Several natural supplements can provide relief from osteoarthritis symptoms. Glucosamine Research shows that a daily oral dose of glucosamine (an amino sugar) can significantly reduce the symptoms of osteoarthritis in the lower limbs.[6] According to animal studies, it also repairs and delays the breakdown of damaged cartilage.[7] If you’re keen to try this popular supplement, why not check out Manuka Pharm’s Joints Capsules, which contain a unique blend of glucosamine, essential vitamins and several of nature’s best anti-inflammatories.

CBD (Cannabidiol)

Extracted from hemp plants, CBD contains only minute traces of the psychoactive compound associated with cannabis, which is why you can buy it over the counter. Over the last few years, research has revealed that cannabidiol can markedly reduce the symptoms of arthritis. For example, a 2017 study showed that it improves markers of inflammation, pain, and nerve damage in animals with osteoarthritis.[8] And in a recent survey conducted by the Arthritis Foundation, 87% of CBD users reported that the supplement helps them to manage their symptoms.[9]

So, if you’re suffering from achy joints, why not experience the benefits of cannabidiol for yourself? Manuka Pharm offers an excellent selection of high-quality CBD products, ranging from gummies to ingestible oils.


Often Found in Asian dishes, this distinctive yellow spice contains a substance called curcumin, which has traditionally been used to treat pain and inflammation. Several studies have provided evidence of this, including a trial that involved 107 people with osteoarthritis of the knee.[10]

At the start of the trial, participants were asked to take a daily dose of 2mg of turmeric or 800 mg of ibuprofen. After a period of 6 weeks, the researchers found that those taking turmeric had enjoyed better pain relief than those who had taken ibuprofen.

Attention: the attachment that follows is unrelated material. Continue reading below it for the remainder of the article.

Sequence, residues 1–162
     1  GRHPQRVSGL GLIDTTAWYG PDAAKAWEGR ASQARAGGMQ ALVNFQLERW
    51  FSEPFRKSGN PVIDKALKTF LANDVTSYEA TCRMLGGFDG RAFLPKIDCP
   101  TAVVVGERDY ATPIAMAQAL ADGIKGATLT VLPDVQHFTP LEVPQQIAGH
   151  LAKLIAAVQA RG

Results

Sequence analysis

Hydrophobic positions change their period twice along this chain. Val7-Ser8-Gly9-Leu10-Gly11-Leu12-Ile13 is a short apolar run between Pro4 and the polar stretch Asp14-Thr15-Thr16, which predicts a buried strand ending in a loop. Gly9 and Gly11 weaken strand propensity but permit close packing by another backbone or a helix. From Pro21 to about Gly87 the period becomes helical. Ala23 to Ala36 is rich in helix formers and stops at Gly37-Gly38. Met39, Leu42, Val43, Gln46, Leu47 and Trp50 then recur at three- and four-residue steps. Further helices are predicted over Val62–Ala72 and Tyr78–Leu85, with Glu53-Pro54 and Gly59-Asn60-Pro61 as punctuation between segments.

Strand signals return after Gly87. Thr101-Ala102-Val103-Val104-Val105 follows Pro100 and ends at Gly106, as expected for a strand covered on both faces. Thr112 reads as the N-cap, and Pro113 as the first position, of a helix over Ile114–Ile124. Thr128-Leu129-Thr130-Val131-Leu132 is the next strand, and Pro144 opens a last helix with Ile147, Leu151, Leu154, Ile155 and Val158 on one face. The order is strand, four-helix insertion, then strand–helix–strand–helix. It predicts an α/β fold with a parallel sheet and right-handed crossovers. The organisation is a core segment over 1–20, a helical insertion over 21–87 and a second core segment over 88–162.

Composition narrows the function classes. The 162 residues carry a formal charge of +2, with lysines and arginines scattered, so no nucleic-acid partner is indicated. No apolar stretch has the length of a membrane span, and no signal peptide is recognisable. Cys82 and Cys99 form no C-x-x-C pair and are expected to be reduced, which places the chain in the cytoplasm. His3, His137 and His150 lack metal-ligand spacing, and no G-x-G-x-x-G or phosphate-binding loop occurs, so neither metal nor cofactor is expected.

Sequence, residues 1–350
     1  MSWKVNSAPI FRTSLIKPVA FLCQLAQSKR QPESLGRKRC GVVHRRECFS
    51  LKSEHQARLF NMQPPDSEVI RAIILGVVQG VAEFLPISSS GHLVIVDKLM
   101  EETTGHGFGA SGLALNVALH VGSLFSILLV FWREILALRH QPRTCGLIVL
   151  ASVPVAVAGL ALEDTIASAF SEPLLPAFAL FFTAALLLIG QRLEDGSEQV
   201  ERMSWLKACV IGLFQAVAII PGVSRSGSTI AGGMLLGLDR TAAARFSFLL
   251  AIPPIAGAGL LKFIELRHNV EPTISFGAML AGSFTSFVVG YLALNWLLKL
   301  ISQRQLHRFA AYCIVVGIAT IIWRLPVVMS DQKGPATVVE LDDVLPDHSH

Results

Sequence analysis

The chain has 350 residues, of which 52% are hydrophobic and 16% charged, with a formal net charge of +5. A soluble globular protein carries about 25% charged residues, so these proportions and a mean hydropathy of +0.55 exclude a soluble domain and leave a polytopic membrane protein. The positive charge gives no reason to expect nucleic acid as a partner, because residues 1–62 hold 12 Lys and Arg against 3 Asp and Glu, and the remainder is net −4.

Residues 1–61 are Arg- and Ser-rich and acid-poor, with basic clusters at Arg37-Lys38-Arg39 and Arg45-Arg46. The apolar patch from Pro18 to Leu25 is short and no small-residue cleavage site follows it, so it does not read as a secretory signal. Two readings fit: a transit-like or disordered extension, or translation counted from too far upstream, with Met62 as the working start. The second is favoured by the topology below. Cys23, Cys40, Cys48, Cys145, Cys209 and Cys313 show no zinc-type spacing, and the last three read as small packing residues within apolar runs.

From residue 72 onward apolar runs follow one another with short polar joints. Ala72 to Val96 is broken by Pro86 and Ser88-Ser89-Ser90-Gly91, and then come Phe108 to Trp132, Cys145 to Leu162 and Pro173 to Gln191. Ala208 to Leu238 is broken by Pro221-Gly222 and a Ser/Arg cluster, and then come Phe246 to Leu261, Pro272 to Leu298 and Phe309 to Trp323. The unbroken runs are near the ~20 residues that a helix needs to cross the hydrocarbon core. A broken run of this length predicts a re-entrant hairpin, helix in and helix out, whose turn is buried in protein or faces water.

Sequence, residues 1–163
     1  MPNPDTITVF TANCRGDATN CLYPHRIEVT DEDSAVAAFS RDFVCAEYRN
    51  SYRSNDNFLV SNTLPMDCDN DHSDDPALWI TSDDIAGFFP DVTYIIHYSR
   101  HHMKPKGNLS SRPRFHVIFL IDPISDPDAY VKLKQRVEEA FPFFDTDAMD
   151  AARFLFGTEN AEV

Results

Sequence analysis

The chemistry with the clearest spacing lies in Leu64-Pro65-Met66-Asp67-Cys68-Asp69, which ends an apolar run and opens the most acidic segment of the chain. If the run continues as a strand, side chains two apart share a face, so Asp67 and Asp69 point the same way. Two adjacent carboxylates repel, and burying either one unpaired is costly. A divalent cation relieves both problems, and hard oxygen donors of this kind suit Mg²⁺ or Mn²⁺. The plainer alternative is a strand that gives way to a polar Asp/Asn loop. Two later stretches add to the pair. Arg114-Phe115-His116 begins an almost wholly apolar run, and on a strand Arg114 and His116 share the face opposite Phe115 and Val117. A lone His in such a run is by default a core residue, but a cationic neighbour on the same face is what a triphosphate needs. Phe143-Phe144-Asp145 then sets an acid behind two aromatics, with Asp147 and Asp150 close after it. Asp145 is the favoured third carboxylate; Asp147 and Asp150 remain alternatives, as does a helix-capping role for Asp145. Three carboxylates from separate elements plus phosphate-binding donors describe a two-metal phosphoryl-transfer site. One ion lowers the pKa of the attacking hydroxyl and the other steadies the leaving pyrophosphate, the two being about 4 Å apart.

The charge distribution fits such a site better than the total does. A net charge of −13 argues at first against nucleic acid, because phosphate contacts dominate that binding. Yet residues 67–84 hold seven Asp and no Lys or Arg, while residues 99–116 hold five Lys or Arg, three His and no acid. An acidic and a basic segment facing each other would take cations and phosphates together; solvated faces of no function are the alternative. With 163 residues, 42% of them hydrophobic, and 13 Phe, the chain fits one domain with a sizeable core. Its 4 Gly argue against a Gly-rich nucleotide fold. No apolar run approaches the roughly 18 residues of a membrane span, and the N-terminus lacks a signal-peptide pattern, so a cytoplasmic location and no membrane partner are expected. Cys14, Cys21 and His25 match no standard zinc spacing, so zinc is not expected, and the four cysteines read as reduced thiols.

If you’re tempted to see whether turmeric works for you, it’s available in most health food shops and supermarkets. However, it’s also included in Manuka Pharm’s new joints capsules, along with a host of essential vitamins, minerals and therapeutic botanicals. Why not treat yourself today?

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Article References

[1] https://www.versusarthritis.org/about-arthritis/data-and-statistics/the-state-of-musculoskeletal-health/

[2] https://www.nhs.uk/conditions/osteoarthritis/

[3] Gignac MA et al. "What do you expect? You're just getting older": A comparison of perceived osteoarthritis-related and aging-related health experiences in middle- and older-age adults. Arthritis Rheum. 2006 Dec 15;55(6):905-12. doi: 10.1002/art.22338. PMID: 17139636.

[4] https://www.nhs.uk/better-health/lose-weight/

[5] https://www.fsem.ac.uk/position_statement/exercise-and-osteoarthritis/

[6] Reginster JY et al. Role of glucosamine in the treatment for osteoarthritis. Rheumatol Int. 2012;32(10):2959-2967. doi:10.1007/s00296-012-2416-2

[7] https://www.versusarthritis.org/about-arthritis/complementary-and-alternative-treatments/types-of-complementary-treatments/glucosamine/

[8] Philpott HT et al. Attenuation of early phase inflammation by cannabidiol prevents pain and nerve damage in rat osteoarthritis. Pain. 2017;158(12):2442-2451. doi:10.1097/j.pain.

[9] http://blog.arthritis.org/news/patients-tell-us-cbd-use/

[10] https://www.versusarthritis.org/about-arthritis/complementary-and-alternative-treatments/types-of-complementary-treatments/turmeric/